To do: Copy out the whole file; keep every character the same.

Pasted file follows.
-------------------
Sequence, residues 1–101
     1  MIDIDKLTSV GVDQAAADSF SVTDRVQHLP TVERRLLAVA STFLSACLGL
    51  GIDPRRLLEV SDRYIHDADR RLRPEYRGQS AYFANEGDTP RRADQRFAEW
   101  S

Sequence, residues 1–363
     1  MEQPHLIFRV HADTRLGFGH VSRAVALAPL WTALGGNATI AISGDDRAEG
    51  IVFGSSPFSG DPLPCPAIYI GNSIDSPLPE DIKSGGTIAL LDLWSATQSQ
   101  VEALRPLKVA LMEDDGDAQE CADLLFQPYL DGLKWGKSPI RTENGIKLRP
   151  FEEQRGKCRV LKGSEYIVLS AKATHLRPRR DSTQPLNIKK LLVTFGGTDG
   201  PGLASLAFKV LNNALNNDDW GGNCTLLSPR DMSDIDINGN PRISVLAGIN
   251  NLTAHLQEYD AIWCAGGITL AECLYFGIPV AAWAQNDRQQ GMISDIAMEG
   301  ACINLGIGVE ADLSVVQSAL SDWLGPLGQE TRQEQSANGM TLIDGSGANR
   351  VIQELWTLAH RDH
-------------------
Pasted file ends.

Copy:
Sequence, residues 1–101
     1  MIDIDKLTSV GVDQAAADSF SVTDRVQHLP TVERRLLAVA STFLSACLGL
    51  GIDPRRLLEV SDRYIHDADR RLRPEYRGQS AYFANEGDTP RRADQRFAEW
   101  S

Sequence, residues 1–363
     1  MEQPHLIFRV HADTRLGFGH VSRAVALAPL WTALGGNATI AISGDDRAEG
    51  IVFGSSPFSG DPLPCPAIYI GNSIDSPLPE DIKSGGTIAL LDLWSATQSQ
   101  VEALRPLKVA LMEDDGDAQE CADLLFQPYL DGLKWGKSPI RTENGIKLRP
   151  FEEQRGKCRV LKGSEYIVLS AKATHLRPRR DSTQPLNIKK LLVTFGGTDG
   201  PGLASLAFKV LNNALNNDDW GGNCTLLSPR DMSDIDINGN PRISVLAGIN
   251  NLTAHLQEYD AIWCAGGITL AECLYFGIPV AAWAQNDRQQ GMISDIAMEG
   301  ACINLGIGVE ADLSVVQSAL SDWLGPLGQE TRQEQSANGM TLIDGSGANR
   351  VIQELWTLAH RDH